Parent Vessel Design Scaling Case Study

The need

The Irish Naval Service (INS) operates a fleet of eight oceangoing vessels tasked with protecting the fisheries off Ireland’s coast. In the early 2000s the INS took delivery of two 80-metre LOA patrol vessels designed by Vard Marine.

While these vessels proved very useful throughout the following decade of use in Ireland’s hostile waters, when the time came to expand their fleet the INS engaged Vard Marine to design a new vessel that would retain the best qualities of the existing vessels while enhancing key seakeeping capabilities.

The Challenges

The sea conditions in the North Atlantic and Irish Sea around Ireland are some of the most dangerous and difficult in the world, especially for vessels that must operate without limitations during search and rescue or similar activities.

The combination of short steep seas with high winds makes it unusually challenging to produce a ship that’s safe to operate, comfortable to serve on and can perform multiple functions. The vessel needs to withstand high beam winds and maintain good roll characteristics for slow-speed over-the-side operations.

This requires contradictory ship motions, i.e. high metacentric height (GM) to withstand beam winds, but lower GM for a slower, more comfortable roll to reduce crew fatigue when carrying out marine rescue operations.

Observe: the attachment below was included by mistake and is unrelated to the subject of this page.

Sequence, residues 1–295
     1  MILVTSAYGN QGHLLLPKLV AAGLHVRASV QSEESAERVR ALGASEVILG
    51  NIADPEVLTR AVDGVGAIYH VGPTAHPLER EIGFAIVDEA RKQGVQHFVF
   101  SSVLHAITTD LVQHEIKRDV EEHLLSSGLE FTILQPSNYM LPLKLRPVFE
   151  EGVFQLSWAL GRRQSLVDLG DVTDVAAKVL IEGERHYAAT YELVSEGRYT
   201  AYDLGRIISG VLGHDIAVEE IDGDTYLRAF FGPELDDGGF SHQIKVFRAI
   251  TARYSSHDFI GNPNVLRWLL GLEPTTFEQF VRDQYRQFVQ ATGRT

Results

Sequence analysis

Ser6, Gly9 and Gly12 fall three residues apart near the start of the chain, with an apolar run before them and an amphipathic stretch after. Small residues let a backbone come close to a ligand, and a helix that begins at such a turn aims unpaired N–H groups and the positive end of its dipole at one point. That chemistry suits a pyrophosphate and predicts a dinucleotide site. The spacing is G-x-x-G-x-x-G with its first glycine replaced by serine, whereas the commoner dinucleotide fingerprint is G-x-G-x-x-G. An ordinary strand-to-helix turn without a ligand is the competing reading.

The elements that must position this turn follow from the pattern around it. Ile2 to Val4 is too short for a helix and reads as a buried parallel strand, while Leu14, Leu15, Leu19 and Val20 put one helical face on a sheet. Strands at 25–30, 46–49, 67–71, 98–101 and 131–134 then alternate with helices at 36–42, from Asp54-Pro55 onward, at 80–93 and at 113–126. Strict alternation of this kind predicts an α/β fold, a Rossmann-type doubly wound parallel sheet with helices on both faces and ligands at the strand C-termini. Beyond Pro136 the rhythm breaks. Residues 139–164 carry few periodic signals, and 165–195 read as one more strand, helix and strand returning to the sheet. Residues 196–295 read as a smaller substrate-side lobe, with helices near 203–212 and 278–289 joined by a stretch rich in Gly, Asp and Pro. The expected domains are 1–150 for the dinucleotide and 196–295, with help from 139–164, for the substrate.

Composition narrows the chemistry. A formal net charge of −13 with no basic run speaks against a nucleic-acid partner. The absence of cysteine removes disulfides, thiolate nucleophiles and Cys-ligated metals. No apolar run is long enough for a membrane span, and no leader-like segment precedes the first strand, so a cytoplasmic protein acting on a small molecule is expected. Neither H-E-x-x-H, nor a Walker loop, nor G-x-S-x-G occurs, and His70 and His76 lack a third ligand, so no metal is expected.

Vard Marine’s solution

We knew the ideal approach would be to scale up the very successful and high performing 80-metre design into a larger more capable platform.

In discussions with the INS we discovered that, overall, the original design was too small for the higher sea states and the ship motion was too quick at slow speed during boat launching activities, which resulted in rapid crew fatigue.

Simply increasing the overall length would not be enough. The Vard Marine team analyzed the sea conditions and operational profile in more detail and determined that modifications to the hull form and the addition of a flume stabilizing tank would offer the best solution. This strategy would allow at-sea adjustments to the vessel motion characteristics to accommodate specific sea conditions and associated activities.

After extensive ship motion analysis and collaboration with the stabilizer tank designer, we established the appropriate range of metacentric height values to withstand high wind and sea states with the option to adjust the GM when working at slower speeds and performing over-the-side boat launching.

The Results

Sea trials on the first vessel in the initial year of operation confirmed the success of the solution. The vessel maintained effective operations in a higher sea state than before, with an advanced level of safety and greatly diminished crew fatigue.

Further confirmation of the vessels’ capabilities came recently when a ship carrying out humanitarian duties in the Mediterranean remained stable with more than 700 migrants on board.